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Ninth Circuit Rejects Lawsuit by California Prisoners Over Exposure to Valley Fever

by Chad Marks

On February 1, 2019, the Ninth Circuit Court of Appeals upheld the dismissal of lawsuits filed by current and former California prisoners who alleged that state prison officials had violated their Eighth Amendment right against cruel and unusual punishment by exposing them to a known heightened risk of contracting valley fever – a dangerous infection spread by fungal spores, also known as coccidioidomycosis.

In 2005, California prison officials began noticing a “significant increase” in the number of prisoners contracting valley fever in the San Joaquin area. In response, the court-appointed federal Receiver over prison medical care asked the California Department of Health Services to investigate the outbreak at Pleasant Valley State Prison – the facility with the highest infection rate. That investigation showed the infection rate was 38 times higher than in the nearby town and 600 times higher than in the surrounding county. It also revealed the rate of African Americans contracting the disease was higher than for other racial groups; prisoners with compromised immune systems were at greater risk, too. [See: PLN, Aug. 2016, p.56; June 2015, p.46; July 2013, p.28; June 2008, p.22].

In response, a statewide exclusion policy was implemented in 2007. Prisoners who were most susceptible to valley fever would be moved from facilities in the Central Valley or not housed at those prisons in the first place. According to the lawsuits, filed by over 100 current and former state prisoners, that policy was too little too late and did not do enough to protect the prisoners at risk of contracting the disease.

More than 100 state prisoners were infected, developed serious symptoms and now require lifetime medical care. Just over 40 prisoners died after being exposed to valley fever.

In affirming the dismissal of the claims in four consolidated cases, the Ninth Circuit found that prison officials could have reasonably concluded that the threat to prisoners from the disease was not that grave, because valley fever occurs throughout California’s Central Valley and elsewhere.

“Even though Valley Fever is more common in prisons, it is important to remember that it is not unique to prisons. More than a million people freely live in the Central Valley, and many of them contract Valley Fever each year. Nor is the disease confined to the Central Valley. It occurs throughout the southwestern United States and is especially common in Arizona,” the Court of Appeals wrote.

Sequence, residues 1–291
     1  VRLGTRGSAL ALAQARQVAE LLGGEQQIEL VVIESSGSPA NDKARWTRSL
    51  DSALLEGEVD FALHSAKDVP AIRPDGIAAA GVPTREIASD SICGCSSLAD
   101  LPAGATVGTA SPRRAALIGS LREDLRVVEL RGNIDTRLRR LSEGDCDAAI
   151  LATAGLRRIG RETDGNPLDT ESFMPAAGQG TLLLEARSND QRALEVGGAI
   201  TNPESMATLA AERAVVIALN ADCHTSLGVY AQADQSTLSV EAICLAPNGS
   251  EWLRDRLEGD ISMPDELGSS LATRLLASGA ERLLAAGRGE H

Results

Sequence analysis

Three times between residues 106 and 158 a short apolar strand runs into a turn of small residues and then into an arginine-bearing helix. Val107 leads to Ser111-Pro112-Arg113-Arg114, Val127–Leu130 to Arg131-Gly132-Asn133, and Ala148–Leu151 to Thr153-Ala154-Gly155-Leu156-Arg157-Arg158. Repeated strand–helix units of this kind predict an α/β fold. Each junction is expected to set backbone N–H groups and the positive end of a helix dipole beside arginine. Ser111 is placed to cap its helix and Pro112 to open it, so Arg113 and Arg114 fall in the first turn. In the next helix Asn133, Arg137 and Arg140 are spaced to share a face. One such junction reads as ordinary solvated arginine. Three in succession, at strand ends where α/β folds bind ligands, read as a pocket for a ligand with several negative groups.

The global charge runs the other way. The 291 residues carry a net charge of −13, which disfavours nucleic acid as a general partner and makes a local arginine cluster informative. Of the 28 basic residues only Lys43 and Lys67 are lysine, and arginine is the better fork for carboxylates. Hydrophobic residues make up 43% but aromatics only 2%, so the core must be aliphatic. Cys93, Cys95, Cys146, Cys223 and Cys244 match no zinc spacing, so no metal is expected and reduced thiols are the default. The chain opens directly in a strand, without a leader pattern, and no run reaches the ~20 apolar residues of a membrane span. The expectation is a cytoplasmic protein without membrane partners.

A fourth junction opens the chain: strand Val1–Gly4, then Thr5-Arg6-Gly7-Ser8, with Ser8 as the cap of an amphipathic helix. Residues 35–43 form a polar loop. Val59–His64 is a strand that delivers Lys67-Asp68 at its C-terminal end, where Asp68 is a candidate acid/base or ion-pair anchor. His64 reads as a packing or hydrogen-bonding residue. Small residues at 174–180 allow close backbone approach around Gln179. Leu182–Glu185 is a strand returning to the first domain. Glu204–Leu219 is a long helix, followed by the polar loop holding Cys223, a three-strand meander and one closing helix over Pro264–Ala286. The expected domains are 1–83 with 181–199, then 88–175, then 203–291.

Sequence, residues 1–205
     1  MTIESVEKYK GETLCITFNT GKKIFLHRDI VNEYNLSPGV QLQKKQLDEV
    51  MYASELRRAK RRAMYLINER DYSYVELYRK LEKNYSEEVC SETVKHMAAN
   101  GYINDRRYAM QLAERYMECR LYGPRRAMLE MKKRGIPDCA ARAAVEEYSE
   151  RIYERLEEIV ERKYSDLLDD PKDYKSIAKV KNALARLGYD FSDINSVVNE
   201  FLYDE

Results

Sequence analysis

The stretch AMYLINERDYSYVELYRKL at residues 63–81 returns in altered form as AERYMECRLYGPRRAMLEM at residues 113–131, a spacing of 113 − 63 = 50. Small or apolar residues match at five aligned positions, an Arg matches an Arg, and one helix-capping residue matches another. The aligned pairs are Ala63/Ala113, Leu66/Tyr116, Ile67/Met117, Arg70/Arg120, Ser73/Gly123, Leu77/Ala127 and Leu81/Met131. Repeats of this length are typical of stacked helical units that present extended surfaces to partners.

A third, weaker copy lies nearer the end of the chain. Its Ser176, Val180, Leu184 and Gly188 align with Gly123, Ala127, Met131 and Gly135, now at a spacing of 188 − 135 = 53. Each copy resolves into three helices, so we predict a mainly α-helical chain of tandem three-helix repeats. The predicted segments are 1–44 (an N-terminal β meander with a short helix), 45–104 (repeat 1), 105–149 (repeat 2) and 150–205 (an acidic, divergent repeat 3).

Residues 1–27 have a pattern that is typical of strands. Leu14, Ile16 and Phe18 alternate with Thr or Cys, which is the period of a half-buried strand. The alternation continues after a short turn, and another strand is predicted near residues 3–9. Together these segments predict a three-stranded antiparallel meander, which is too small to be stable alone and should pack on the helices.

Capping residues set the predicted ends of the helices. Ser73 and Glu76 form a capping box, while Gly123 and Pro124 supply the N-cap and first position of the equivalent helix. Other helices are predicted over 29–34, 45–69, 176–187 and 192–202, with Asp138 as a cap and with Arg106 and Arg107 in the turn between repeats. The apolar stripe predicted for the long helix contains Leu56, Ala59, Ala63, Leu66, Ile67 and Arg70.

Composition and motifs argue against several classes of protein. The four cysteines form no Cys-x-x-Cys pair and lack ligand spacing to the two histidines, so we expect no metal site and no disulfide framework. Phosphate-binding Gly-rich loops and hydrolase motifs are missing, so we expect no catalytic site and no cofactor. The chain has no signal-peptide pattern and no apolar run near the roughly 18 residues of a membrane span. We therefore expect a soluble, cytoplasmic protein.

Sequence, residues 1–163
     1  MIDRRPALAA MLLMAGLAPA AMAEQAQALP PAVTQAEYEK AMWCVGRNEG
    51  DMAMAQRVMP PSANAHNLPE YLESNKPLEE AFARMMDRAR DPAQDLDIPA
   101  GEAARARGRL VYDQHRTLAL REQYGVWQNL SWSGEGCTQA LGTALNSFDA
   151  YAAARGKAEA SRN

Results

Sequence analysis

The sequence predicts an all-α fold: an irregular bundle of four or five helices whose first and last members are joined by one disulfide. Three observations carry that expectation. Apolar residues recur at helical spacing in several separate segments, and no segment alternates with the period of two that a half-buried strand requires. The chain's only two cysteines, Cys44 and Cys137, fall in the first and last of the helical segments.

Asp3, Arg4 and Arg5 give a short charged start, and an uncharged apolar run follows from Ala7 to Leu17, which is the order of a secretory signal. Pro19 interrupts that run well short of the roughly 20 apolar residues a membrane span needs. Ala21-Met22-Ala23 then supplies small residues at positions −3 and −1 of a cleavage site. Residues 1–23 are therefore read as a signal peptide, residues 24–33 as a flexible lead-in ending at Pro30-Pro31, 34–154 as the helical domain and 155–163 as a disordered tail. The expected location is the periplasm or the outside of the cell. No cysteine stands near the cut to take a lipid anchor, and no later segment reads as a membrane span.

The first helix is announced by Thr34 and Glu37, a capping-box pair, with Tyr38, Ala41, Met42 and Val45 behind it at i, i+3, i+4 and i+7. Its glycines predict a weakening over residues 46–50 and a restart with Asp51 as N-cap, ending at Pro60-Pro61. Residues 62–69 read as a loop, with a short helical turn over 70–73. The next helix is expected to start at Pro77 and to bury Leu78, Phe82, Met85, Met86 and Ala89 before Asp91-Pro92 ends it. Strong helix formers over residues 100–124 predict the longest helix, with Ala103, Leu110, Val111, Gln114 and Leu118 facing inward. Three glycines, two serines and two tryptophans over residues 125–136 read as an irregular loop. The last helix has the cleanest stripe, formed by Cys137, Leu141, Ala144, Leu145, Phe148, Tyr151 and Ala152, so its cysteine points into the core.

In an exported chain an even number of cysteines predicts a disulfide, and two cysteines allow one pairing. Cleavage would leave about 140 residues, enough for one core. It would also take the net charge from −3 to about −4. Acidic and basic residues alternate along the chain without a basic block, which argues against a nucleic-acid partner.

Further, some of the defendants had not been directly involved in the violations alleged in the lawsuits, while others were “entitled to qualified immunity against claims that they were deliberately indifferent to a substantial risk of serious harm in violation of the Eighth Amendment. They are also entitled to qualified immunity against claims that they racially discriminated against African-American inmates.”

 Judge Andrew J. Klienfeld said the appellate panel was sympathetic to the prisoners’ plight with respect to their exposure to a “serious and potentially fatal disease”; however, “it would not have been ‘obvious’ to any reasonable official that they had to segregate prisoners by race or do more than the federal Receiver told them to do.”

That seems counterintuitive. When prison officials were aware of a serious risk of valley fever infections since 2005, resulting in over 40 deaths, more should have been done to control the spread of the disease. The prisoners had no other options; they were completely dependant on prison officials to ensure their safety.

Following the adverse Ninth Circuit ruling and the denial of a motion for rehearing, the prisoners, represented by attorney Benjamin Pavone, filed a petition for writ of certiorari with the U.S. Supreme Court, which remains pending. See: Hines v. Youseff, 914 F.3d 1218 (9th Cir. 2019), rehearing en banc denied, cert. petition filed.  


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Related legal case

Hines v. Youseff